The strategy that enabled the company to experience such steady growth to this point was simple: Beat the competition on strong and friendly service. As then president C.B. Hardin explained to Doug Harris of Supermarket Business, the company's strategy of "aggressive hospitality" demanded a strong commitment to service from its employees: "Our philosophy is when you come into one of our stores we want you to be greeted just as nice as if you were coming into our living room—because you're our guest, and the customer is our boss." With increasing competition from mainstays such as Kroger and newcomers such as Tom Thumb-Page, Brookshire fashioned its Southern hospitality into a well-orchestrated effort to please customers and stand out from the competition. With many of its stores located in oil-rich areas, the company attempted to outdo the competition on service rather than price, making sure that customers were not only greeted at the door when they entered and at the checkout when they left but given heartfelt greetings from stockers and service counter employees as well. "We'd rather overdo it than underdo it," Hardin told Supermarket Business.
It would take more than friendly service, though, for Brookshire to continue growing during the 1980s. As more and more competitors entered the scene, the company attempted to broaden its customer base by diversifying its operations and continuing its strategy of growth through geographical expansion. Chief among these developments was the company's opening of its first Super 1 Foods store in Alexandria, Louisiana, in 1984. In contrast to the traditional Brookshire store, with its elegant decor and state-of-the-art technology, the new line of stores cut back on the frills so that it could offer the lowest prices possible.
Between 1984 and 1990, the company opened 11 Super 1 Foods stores in Louisiana and Texas. Unlike competitors in the wholesale foods market such as Sam's Wholesale Club, the Super 1 stores required no membership fees and were generally smaller in size. The new warehouse-type environment enabled customers to save money—usually around $15 a week—by purchasing in larger quantities and bagging their own groceries. Although the Super 1 Foods stores were designed to keep labor costs low, they retained the colorful decor and many of the specialty departments that had become a fixture at the full-service stores and, in this way, distinguished themselves from many other competitors in the wholesale market.
One of the money-saving innovations at the company's warehouse-style stores could be found at the checkout stand. Whereas the full-service Brookshire's stores emphasized ambiance and an aesthetically pleasing checkout environment, the Super 1 units concentrated on getting customers through the checkout faster. To meet this goal, the company began installing triple-belt checkstands in its 65,000-square-foot Super 1 units. The "Tri-Belt" system features an initial belt at the head of the checkstand that carries items to the scanner position and a second belt that moves each customer's scanned and paid-for order to a bagging station where the consumer bags his or her own order.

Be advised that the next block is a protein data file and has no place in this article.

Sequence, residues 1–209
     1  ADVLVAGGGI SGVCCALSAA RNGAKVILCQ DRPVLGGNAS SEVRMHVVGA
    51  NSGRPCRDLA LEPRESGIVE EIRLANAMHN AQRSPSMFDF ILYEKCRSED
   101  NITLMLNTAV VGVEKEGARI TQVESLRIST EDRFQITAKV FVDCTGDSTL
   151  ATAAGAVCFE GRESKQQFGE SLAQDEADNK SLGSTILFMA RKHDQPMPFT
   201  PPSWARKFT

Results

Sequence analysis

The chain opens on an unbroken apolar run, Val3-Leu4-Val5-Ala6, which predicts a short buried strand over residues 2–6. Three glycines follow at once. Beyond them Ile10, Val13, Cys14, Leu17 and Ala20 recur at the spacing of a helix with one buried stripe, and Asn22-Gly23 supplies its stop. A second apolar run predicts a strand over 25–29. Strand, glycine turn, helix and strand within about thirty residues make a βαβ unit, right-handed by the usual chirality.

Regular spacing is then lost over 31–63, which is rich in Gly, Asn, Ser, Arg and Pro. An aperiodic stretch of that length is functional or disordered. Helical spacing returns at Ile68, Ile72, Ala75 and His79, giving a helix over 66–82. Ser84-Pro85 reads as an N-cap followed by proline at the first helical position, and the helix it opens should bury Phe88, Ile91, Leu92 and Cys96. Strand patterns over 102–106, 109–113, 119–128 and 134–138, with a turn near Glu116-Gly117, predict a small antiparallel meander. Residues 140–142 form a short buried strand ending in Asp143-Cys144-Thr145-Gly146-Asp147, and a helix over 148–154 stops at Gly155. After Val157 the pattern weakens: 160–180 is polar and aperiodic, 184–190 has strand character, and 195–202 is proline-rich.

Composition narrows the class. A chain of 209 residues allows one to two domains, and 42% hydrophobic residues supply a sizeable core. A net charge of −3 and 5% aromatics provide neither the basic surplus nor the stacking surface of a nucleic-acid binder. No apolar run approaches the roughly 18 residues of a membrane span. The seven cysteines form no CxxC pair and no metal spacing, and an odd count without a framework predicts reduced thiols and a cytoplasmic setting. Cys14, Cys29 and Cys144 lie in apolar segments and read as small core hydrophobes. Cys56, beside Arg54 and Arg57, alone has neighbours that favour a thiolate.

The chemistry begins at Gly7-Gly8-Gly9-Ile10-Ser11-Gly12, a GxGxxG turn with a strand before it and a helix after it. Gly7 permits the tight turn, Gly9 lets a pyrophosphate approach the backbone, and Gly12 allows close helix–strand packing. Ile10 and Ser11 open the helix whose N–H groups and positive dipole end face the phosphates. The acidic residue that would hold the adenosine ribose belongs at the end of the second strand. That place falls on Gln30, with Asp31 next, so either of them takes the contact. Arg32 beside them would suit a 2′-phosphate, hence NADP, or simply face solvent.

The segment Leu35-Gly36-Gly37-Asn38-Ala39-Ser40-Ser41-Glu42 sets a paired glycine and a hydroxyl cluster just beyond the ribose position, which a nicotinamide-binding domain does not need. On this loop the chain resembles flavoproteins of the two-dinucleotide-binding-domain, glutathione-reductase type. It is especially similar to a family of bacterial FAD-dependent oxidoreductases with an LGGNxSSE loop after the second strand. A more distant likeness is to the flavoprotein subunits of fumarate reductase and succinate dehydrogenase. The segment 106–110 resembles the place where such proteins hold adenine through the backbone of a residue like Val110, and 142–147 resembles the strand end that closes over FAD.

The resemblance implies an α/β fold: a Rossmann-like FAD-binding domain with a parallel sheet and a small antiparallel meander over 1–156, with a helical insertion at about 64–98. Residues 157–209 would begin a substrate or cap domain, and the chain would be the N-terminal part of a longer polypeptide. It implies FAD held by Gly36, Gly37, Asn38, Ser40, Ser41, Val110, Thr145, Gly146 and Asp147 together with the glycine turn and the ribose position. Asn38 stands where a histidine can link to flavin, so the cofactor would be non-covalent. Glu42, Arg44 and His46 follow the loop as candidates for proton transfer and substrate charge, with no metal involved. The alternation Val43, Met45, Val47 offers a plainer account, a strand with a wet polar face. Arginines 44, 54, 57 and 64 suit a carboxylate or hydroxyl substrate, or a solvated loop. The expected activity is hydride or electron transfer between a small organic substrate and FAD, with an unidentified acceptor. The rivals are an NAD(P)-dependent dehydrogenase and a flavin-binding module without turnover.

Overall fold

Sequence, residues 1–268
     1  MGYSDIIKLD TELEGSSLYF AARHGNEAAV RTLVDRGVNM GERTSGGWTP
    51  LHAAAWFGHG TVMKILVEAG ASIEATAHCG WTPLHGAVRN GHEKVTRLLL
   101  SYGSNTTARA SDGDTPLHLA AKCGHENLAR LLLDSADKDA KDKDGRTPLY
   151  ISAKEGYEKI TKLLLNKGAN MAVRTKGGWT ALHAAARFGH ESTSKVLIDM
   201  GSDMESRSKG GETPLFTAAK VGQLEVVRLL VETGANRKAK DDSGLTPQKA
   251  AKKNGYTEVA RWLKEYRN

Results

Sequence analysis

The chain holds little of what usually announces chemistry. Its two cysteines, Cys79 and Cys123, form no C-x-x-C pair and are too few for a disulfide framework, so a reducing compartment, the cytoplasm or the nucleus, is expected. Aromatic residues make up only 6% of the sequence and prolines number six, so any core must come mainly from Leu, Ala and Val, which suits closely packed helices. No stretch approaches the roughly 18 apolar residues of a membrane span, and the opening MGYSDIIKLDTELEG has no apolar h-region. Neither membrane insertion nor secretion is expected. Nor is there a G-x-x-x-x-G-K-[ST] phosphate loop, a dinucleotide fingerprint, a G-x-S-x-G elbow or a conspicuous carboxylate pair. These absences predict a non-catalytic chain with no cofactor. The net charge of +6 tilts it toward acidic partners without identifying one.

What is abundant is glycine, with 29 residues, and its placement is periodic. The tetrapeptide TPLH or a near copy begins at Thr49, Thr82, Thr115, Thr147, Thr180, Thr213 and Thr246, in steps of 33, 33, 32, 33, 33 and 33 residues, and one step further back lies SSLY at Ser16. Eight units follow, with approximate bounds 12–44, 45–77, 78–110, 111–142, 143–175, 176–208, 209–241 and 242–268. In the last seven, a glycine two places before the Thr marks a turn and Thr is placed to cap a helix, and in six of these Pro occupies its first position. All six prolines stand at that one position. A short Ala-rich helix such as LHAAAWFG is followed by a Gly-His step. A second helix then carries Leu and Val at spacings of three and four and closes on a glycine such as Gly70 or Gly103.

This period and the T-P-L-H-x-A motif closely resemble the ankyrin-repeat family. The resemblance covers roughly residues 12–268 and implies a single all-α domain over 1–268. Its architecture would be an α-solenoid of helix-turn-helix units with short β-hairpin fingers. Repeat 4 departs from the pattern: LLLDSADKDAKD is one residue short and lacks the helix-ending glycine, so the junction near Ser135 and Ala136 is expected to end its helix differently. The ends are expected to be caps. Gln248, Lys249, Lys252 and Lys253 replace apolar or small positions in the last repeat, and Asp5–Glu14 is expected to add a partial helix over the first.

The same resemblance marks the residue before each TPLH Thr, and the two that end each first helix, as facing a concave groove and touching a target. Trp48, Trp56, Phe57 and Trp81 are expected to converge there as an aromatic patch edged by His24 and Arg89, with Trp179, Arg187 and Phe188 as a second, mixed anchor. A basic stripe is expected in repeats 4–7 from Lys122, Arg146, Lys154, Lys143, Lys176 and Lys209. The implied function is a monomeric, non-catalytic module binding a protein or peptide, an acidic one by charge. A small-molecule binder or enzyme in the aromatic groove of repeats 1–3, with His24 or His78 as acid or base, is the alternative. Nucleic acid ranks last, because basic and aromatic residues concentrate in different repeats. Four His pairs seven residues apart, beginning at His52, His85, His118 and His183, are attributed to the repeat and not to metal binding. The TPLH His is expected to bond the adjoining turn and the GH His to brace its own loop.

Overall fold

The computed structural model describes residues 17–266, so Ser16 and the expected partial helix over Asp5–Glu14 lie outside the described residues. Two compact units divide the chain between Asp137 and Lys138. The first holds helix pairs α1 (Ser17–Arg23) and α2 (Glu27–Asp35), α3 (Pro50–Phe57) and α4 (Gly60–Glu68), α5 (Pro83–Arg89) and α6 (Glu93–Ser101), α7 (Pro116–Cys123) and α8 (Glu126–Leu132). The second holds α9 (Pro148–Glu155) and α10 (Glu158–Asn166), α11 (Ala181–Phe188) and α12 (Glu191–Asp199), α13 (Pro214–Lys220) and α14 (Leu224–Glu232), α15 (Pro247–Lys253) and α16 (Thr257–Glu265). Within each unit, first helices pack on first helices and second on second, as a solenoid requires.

We sell groceries, but people are our business.
While diversifying its operations in the mid-1980s, the company also attempted to reduce costs by taking advantage of the latest computer technology. In 1984 the company replaced its mechanical time-clocks with microcomputer-based time accounting systems. With more than 4,000 employees in its 70 stores, the manual processing of weekly payroll had become a monstrous task for the 18 payroll clerks who had to recalculate and verify all time-cards in less than 24 hours. The short turnaround time prevented clerks from correcting overpunches and illegal punches—errors that were costing the company thousands of dollars weekly. Once the new computerized accounting system was installed, though, store managers were able not only to reduce such discrepancies but better monitor employee overtime as well. With payroll processing time cut in half, the front office was able to spend more time collecting on bad checks and handling other administrative duties. The bottom line, as then personnel administration supervisor Dan Adcock stated in Chain Store Age Executive, was a savings of about $500 per week per store.
One of the keys to Brookshire's continued success during the early 1990s was its traditional emphasis on serving the customer. Attracting shoppers to its Tyler stores in the face of an increasingly competitive market, however, required more than smiling cashiers and friendly stockers; it also meant responding to the cultural diversity and unique needs of its clientele. The transformation process for one Brookshire's store converted to a Super 1 Foods warehouse store, for instance, meant substantially increasing the Hispanic foods section to appeal to the area's small but rapidly expanding Hispanic population. By doubling the size of the Hispanic section through the addition of existing items and new foods such as corn tortilla mixes and sliced cactus and advertising in a local Hispanic paper, the store was able to attract customers from what had been, for the most part, an untapped market. By 1991, Hispanic shoppers represented nearly one-third of the store's total clientele.
Brookshire's transition into the discount foods market coincided with its move into the Dallas/Fort Worth area. New stores were opened in Allen, McKinney, and The Colony during the late 1980s. To keep pace with this steady expansion, the company added more than 250,000 square feet to its distribution center before the end of the decade, and in 1991, the company brought its first warehouse-type store to the area, opening a mammoth 100,000-square-foot Super 1 Foods in Plano. Two years later, Brookshire increased its presence in the area's discount market, purchasing land for a new 70,000-square-foot Super 1 Foods in Garland. By 1995, the company had established a strong presence in the Dallas suburbs, with seven stores in operation.
The early and mid-1990s saw Brookshire solidify its presence in existing markets and venture into new territory. The company's expansion to the east resulted in the construction of a second distribution center in 1992, located in Monroe, Louisiana. The state also became the site of Brookshire's 100th store, which opened in Marksville, in 1994. That same year the company, while boosting its total revenue to an estimated $700 million, acquired a 491,000-square-foot manufacturing facility near Tyler.
In addition to opening its own stores, Brookshire sought to boost its share in various Texas markets by acquiring 16 stores from Thrift Mart, a $90 million, independent, family-run chain based in Granbury that got its start in the 1950s. Terms of the agreement were not released. The acquisition, which included stores in Fort Worth, Hurst, Aledo, and Granbury, represented the company's debut in the Fort Worth area and was heralded by company officials as a way to further increase the growing chain's buying power and offer its customers lower prices.